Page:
CIGA and in your debt,
Eddie

Pressure to reveal major AIG counterparties grows
Some suggest fees for firms that got billions of dollars from insurer’s bailout
By Alistair Barr & Greg Robb, MarketWatch
Last update: 6:35 p.m. EST March 3, 2009

SAN FRANCISCO (MarketWatch) — Calls increased Tuesday to reveal the financial institutions that got almost $40 billion in collateral from American International Group shortly after the government first bailed out the insurer last year.

AIG almost collapsed in September after ratings agency downgrades triggered demands for billions of dollars in extra collateral from firms that had bought derivative-based protection from the insurer on complex mortgage-related products known as collateralized debt obligations, or CDOs.

AIG didn’t have that much money and faced bankruptcy. But it was saved by an $85 billion emergency loan facility from the Federal Reserve.

More…

Dear Eddie,

I answered your question earlier in the day when I posted the FYI article on AIG.

Regards,
Jim

Jim,

Here are two of the many pension plans in trouble:

Nebraska teachers

Hawaii Teachers

Oh crap, my wife is in the Missouri Teachers retirement plan!

As always, thank you for all you do!
CIGA Eddie

Jim,

Below is a story from today’s NY Times about how the specialists finally have to pay up pennies for decades of front running their clients.

CIGA By

14 Trading Firms Settle Charges for $69 Million
By DIANA B. HENRIQUES
March 5, 2009

More than a dozen Wall Street trading firms systematically cheated their customers of millions of dollars by improperly slicing bits of profit from countless trades, federal regulators said on Wednesday.

The Securities and Exchange Commission disclosed the allegations after negotiating settlements. The firms did not admit or deny the charges but agreed to pay a total of more than $69 million in forfeited profits and penalties.

The 14 firms named in the complaints are all “specialists,” trading firms that have a specific duty to maintain orderly markets by matching buyers and sellers and standing ready to conduct trades when buyers or sellers are scarce. They include units or subsidiaries of well-known Wall Street names, including E*Trade Capital Markets, Goldman Sachs Execution and Clearing, Knight Financial Products and TD Options.

Regulators said the firms had engaged in various types of “front-running,” which involves trading ahead of customer orders or timing their own trades to seize profits. For instance, specialists that had a big order to buy a stock would first buy it from a seller themselves and then illegally bid up the price moments before selling it to profit on the transaction.

More…

Dear Jim,

The numbers are truly staggering with more yet to come as things deteriorate further. Your formula is really gaining momentum!

Best,
CIGA Big Tatanka

More Than 8.3 Million U.S. Mortgages Are Under Water
By Dan Levy

March 4 (Bloomberg) — More than 8.3 million U.S. mortgage holders owed more on their loans in the fourth quarter than their property was worth as the recession cut home values by $2.4 trillion last year, First American CoreLogic said.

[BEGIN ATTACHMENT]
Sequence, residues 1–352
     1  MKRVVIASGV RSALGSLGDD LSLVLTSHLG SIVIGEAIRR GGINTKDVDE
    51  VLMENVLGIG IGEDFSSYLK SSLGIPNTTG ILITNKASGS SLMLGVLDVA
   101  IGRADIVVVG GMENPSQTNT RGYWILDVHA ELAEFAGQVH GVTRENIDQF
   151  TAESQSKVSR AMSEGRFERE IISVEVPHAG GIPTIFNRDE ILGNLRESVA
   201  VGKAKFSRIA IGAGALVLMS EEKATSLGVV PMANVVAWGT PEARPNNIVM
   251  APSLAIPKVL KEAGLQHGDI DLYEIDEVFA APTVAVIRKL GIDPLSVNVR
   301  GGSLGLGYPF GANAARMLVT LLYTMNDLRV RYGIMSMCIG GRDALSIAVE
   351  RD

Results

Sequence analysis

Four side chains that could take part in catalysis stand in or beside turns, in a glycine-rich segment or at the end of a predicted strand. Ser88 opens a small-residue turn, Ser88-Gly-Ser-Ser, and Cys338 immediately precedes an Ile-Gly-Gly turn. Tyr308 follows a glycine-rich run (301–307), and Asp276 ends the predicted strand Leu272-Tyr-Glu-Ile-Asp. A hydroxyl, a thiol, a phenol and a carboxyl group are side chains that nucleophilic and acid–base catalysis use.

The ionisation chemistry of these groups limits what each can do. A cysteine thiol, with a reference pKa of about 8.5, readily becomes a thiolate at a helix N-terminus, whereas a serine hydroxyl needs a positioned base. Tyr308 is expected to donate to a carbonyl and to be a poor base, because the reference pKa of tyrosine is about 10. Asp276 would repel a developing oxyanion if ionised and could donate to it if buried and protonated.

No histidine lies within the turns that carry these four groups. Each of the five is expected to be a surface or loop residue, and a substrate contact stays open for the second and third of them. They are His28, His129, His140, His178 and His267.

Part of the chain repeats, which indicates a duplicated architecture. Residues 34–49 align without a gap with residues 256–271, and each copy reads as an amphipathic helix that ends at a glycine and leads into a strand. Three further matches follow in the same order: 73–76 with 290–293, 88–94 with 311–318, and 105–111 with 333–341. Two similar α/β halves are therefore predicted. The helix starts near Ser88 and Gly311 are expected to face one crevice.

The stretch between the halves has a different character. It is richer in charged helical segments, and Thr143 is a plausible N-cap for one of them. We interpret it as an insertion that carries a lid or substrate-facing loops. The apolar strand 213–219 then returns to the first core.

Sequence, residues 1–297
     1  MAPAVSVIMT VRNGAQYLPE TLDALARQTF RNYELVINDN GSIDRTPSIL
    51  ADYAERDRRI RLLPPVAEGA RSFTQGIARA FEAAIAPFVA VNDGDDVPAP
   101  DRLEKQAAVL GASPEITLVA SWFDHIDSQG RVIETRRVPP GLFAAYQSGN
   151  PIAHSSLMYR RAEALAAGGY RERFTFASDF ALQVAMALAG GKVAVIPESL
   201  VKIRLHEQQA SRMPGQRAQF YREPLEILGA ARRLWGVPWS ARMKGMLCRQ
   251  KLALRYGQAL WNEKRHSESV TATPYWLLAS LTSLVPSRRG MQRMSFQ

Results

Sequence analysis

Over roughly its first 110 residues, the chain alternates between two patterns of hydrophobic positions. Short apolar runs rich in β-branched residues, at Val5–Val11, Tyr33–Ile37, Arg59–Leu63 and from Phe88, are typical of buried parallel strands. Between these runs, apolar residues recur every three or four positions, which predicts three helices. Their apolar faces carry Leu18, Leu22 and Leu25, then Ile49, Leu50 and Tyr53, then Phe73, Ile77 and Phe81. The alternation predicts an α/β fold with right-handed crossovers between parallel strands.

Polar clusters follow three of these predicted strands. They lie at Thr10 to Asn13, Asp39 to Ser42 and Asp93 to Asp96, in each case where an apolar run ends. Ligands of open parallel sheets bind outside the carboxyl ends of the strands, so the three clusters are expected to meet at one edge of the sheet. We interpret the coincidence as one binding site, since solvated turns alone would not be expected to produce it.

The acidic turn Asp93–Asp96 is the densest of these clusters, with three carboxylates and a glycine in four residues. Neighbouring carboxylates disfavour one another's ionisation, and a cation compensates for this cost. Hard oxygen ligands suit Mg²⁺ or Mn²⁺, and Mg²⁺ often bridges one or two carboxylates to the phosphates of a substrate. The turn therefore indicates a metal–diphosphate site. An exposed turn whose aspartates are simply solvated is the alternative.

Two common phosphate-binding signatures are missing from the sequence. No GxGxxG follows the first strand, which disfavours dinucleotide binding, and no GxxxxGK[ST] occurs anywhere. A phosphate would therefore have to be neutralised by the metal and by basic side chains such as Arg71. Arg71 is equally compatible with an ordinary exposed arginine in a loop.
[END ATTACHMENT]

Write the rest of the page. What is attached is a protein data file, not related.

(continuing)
An additional 2.2 million borrowers will be underwater if home prices decline another 5 percent, First American, a Santa Ana, California-based seller of mortgage and economic data, said in a report today. Households with negative equity or near it account for a quarter of all mortgage holders.

“We have way too much supply and not enough demand,” Sam Khater, senior economist for First American, said in an interview. “People aren’t going to purchase a home as long as prices keep falling, and someone who is worried about their job isn’t going to purchase a home either.”

Prices in 20 U.S. cities fell 18.5 percent in December from a year earlier, the fastest drop on record, according to the S&P/Case-Shiller index. Sales of previously owned homes, which account for about 90 percent of the market, fell in January to the lowest since 1997, and new-home purchases plunged to the lowest since records began in 1963, the National Association of Realtors and Commerce Department said.

The total value of residential properties in the U.S. fell to $19.1 trillion by the end of 2008, down from $21.5 trillion a year earlier, First American said. California lost more than $1.2 trillion in value last year, accounting for roughly half of the national decline in housing values.

More…

Posted at 4:22 PM (CST) by & filed under In The News.

Dear President Obama,

You think you have problems now?

Present challenges, economic or political, are nothing compared to when this one lands on your desk; the implications of which are generational in nature.

Respectfully yours,
Jim

Pakistan ‘bigger problem’ than Afghanistan: US diplomat

LONDON (AFP) — The top US diplomat in Kabul warned that Pakistan posed a bigger security problem for the rest of the world than Afghanistan, in a newspaper interview published Thursday.

Christopher Dell spoke after Tuesday’s attack on Sri Lanka’s cricket team as they travelled to a Test match in Lahore which left eight people dead, and has raised doubts about the government’s ability to tackle Islamic militancy.